Of Men and Monsters; or, Adventures in Reviewer Parallax

Over at Science Fiction Ruminations, Joachim Boaz mentioned William Tenn.

I like Tenn but see I’ve never posted about any of his titles. So, since I’m still catching on reviewing my reading of the past few months, I thought I’d give you this. The parallax is, of course, provided by Boaz.

Raw Feed (1998): Of Men and Monsters, William Tenn, 1968.

Cover by Boris Vallejo

I enjoyed this famous Tenn novel about men living in the walls of the “Monster” alien race that conquered Earth. (I have not read Tenn’s “The Men in the Walls” which the novel expanded.)

Tenn’s story is humorous and almost savage in parts. 

The title comes from John Steinbeck’s novel Of Mice and Men, but the inspiration and structure of the novel seems to come from the Brobdingnag section of Jonathan Swift’s Gulliver’s Travels

The plot starts as a variation on that favored by many stories and films featuring primitive or post-holocaust primitives:  a young man finds himself on the wrong side of tribal politics and questioning a religious taboo

Here the heresy is man’s Ancestor-Science is not as efficacious in battling the Monsters as advertised. After all, as the uncle who initiates hero Eric the Only into the heresy points out, it didn’t do humanity much good in resisting the Monsters. 

But Alien-Science turns out to be, in part, a scheme by Eric’s uncle to become Chief, a scheme that leads to a brutally suppressed uprising. 

Eric takes up with the more advanced “back burrowers” only to find their technology and knowledge of Monsters impressive but their military skills lacking. Eventually, he meets, marries, and mates with a woman of the Aaron People (after a funny scene where he tries to act dignified while assessing his mate’s physical wiles). 

In a way, this is one of those conceptual breakthrough stories. Eric learns that the tribal society he was born in was based partly on fraud: rigged visions used in naming initiate warriors and “enemy” chiefs who will band together to quell heretic Alien Sciencers. 

He also learns that not front or back burrower, Ancestor Science or Alien Science is a total solution, that other points of view have merit, that man lives in the walls of Monster houses and that a whole universe exists outside the Monster house, a universe which renders Monsters as inconsequential as man. (The whole novel is set in one Monster house before man leaves for the stars),  

My favorite moments are when Tenn defies the clichés of this sort of plot. There is no claim that last human science can ever defeat the monsters or bring humanity lordship of the Earth. 

In a discussion about why some ancients saw the Monsters as divine judgement, Rachel, Eric’s mate, remarks man was always guilty about he treated other animals. How, she asks, can we judge the Monsters brutal for their actions when man historically, even in the course of this book, does just as brutal things to each other. (Some of the book depicts experiments on humans in an alien Pest Control Lab)  

And my favorite moment of all was when Eric, told of the Aaron People’s plan to hop on a Monster starship and infest Monster dwellings throughout the universe, bitterly retorts they can’t expect man to become vermin. The Aaron replies that he already is a vermin of a most superior (like the rat and cockroach) kind.  This is a condition Eric and everybody else cheerfully accepts at story’s end.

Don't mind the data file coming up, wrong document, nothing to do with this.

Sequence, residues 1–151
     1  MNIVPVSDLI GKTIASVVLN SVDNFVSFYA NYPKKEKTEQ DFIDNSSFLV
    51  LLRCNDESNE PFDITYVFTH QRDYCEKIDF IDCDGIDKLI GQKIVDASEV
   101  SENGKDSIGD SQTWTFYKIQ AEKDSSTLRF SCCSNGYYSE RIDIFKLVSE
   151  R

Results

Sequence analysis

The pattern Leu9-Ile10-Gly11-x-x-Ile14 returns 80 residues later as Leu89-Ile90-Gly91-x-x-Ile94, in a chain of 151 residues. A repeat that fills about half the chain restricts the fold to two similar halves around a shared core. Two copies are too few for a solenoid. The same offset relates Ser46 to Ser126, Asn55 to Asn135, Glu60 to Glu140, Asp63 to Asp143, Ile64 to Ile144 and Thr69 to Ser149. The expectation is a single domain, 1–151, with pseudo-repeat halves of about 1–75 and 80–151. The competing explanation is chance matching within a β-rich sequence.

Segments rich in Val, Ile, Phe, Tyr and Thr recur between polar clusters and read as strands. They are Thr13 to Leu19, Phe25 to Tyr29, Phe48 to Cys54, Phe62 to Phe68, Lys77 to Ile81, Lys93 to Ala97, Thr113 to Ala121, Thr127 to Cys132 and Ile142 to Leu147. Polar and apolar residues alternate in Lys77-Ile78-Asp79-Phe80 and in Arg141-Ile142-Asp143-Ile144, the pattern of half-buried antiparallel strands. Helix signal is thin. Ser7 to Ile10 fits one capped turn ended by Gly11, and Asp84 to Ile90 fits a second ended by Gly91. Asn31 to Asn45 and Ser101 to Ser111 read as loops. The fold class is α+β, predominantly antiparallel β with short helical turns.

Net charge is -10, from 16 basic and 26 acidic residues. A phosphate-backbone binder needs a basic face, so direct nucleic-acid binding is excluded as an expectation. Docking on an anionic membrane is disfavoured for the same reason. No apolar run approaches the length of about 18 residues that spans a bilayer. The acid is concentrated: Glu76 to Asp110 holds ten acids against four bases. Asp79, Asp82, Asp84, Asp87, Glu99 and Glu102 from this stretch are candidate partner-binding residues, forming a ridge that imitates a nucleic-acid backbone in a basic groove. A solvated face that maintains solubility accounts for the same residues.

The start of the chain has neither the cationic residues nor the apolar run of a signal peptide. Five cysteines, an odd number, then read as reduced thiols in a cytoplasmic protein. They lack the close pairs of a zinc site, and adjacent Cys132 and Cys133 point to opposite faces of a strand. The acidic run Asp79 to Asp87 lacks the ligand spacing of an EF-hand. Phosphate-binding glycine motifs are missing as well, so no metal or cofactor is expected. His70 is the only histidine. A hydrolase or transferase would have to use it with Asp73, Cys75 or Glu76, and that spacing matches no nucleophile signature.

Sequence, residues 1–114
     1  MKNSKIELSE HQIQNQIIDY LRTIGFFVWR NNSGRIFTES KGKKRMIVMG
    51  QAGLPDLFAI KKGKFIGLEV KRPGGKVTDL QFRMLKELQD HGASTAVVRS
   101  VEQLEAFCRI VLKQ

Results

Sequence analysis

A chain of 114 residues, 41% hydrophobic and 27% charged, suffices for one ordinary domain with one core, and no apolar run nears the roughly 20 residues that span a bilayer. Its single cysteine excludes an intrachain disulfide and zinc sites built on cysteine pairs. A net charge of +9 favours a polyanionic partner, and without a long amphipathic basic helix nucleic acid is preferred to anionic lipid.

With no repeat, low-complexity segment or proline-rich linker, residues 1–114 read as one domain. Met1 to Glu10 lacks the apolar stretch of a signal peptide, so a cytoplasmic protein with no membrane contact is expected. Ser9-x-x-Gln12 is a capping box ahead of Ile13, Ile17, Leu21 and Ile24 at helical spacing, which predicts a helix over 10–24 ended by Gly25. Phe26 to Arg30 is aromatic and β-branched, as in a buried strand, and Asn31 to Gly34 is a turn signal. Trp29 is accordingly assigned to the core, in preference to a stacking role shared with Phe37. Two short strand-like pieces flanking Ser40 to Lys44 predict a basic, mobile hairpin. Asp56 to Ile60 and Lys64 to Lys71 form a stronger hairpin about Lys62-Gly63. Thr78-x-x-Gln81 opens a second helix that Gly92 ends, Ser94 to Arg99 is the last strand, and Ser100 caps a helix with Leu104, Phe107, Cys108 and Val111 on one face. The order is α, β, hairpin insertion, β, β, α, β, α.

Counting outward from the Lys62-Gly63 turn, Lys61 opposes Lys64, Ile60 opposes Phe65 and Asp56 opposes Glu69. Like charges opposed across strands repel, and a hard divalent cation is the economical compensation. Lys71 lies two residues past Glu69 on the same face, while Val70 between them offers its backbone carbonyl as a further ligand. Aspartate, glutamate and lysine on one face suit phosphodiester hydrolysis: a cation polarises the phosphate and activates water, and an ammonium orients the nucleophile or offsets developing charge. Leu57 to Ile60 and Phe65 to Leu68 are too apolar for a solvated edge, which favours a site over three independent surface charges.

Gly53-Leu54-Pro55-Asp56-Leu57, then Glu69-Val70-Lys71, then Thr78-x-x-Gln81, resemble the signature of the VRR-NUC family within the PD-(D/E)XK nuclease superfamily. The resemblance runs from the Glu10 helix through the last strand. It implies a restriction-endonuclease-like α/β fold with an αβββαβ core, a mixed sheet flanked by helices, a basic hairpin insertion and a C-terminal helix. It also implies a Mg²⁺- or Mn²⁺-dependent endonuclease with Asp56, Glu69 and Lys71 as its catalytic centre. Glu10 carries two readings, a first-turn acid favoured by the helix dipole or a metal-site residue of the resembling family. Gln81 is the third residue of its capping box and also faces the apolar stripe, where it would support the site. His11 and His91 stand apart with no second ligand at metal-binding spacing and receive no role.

I also liked human women evolving to give birth to litters. Singleton births like Eric are despised.

5 thoughts on “Of Men and Monsters; or, Adventures in Reviewer Parallax

  1. I just reread Of Men and Monsters because I saw that you had reviewed in response to Joachim’s review. Luckily, I didn’t read all of y’alls reviews beforehand. I feel you gave away too much of the story, including the ending. Even though I was rereading the book, the first time was fifty years ago, I didn’t remember much, so I enjoyed finding out many of the facts you mention above. You might not worry about that in your reviews, but you might want to put a spoiler warning. I never know how much to tell about a story when discussing it.

    1. As always, thanks for being a reader.

      You’re probably right. I think when I started doing the “Raw Feed” reviews, I noted they had spoilers because they are just my lightly edited notes on a book. I didn’t even include all of them for this one since it wasn’t clear to me what I meant in 1998.

      To complicate things, my reviews of weird fiction are always filled with spoilers since they exist to help me organize my thoughts. Oddly no one complains about them, and they are strangely popular. However, I have had authors complain.

      More conscientious notices will follow!

      I

      1. Well, if they are just logs of your reading, then that’s different. I’ve always had a problem of wanting to talk about the details of the story versus trying to get people to read a story. Plus, I sometimes want my blog just to be a record of my memory. I haven’t figured out a consistent approach.

      2. I agree. Figuring out how much plot to reveal is difficult at times. Sometimes, I just want to talk about a story and find recounting the plot tedious. I want to do themes and motifs, relate it to other other works.

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